Except that he did NOT bar me from campus. Whether he claimed to do so but did not, or tried and failed, he falsely smeared me as a violent threat to all of my colleagues and current and former students as I went about teaching my seminars, holding office hours and other duties.

I learned of this supposed ban from my course director, who was surprised and concerned to see me on campus, based on a blast email from my dean, who had parroted Gillman’s false claim to all of my Humanities colleagues. Feeling compelled to leave campus or risk arrest or citation, I drove home, forcing me onto Zoom at the last minute, wrecking a day of teaching and student conferences.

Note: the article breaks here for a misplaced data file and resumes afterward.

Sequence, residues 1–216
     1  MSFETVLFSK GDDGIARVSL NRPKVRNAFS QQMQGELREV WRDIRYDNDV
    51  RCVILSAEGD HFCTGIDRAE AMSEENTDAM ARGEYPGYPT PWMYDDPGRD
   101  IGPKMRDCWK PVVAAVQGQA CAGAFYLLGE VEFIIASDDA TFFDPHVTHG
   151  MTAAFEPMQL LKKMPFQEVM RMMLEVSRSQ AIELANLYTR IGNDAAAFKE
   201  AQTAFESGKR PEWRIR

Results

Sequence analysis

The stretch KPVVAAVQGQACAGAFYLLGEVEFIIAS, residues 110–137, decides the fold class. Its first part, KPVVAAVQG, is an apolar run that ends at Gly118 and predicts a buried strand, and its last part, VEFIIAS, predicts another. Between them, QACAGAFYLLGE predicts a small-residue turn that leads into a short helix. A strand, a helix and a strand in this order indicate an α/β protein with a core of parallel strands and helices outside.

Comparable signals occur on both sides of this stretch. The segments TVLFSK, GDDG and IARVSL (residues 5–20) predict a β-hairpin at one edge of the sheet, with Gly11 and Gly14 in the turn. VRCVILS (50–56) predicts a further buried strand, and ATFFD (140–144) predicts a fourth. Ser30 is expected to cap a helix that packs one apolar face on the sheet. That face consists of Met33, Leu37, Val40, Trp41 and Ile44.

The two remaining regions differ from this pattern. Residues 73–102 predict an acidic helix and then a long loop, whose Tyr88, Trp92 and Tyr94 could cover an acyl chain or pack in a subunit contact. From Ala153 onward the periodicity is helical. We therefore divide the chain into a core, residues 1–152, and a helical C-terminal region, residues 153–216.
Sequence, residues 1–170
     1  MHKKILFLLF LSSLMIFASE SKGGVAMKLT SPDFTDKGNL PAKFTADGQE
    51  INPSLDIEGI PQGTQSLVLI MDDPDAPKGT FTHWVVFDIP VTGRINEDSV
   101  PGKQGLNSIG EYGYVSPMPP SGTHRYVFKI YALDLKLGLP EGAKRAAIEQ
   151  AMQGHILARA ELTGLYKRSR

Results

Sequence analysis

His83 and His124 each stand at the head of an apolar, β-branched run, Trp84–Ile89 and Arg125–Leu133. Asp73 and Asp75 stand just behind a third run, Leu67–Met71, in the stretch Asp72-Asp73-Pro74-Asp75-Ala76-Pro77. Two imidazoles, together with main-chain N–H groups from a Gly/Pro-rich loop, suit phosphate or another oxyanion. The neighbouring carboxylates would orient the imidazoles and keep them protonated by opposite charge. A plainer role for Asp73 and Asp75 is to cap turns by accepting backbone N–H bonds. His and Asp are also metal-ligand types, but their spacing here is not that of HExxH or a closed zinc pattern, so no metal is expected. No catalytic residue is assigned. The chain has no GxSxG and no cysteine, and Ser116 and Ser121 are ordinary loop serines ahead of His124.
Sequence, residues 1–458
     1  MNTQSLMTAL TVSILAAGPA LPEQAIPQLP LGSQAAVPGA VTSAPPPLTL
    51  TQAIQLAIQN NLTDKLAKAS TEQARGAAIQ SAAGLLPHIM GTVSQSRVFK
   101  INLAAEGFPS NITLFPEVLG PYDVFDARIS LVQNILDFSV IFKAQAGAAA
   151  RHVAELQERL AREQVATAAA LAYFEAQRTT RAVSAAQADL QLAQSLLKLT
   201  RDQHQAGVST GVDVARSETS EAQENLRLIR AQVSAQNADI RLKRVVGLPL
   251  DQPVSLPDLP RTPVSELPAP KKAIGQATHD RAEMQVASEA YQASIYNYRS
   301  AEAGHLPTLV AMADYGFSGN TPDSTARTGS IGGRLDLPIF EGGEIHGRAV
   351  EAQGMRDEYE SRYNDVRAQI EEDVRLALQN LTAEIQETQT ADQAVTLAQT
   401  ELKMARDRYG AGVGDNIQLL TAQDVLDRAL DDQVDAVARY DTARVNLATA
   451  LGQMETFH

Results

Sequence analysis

While harmful to me in a specific way, with real material, emotional and career consequences, that act of his was only one drop in eight months of campus-wide trickle-down calumny and cruelty, incompetence and cowardice from the fifth-floor C-suite in Aldrich Hall, which culminated in a cascade on May 15. I offer a few examples of each:


  • Misrepresenting and defaming students and faculty in public messages, including encampment participants and student negotiators.

  • Falsely claiming a general barring of all arrested people, actually arbitrarily imposed, painting us as physical threats to other people. (See also Incompetence below.)

  • Passing along responsibility to his inferiors, avoiding ultimate responsibility for his actions, as required by UC policy, thereby accusing others of serious errors of policy actions and information gathering and dissemination. (See also Cowardice below.)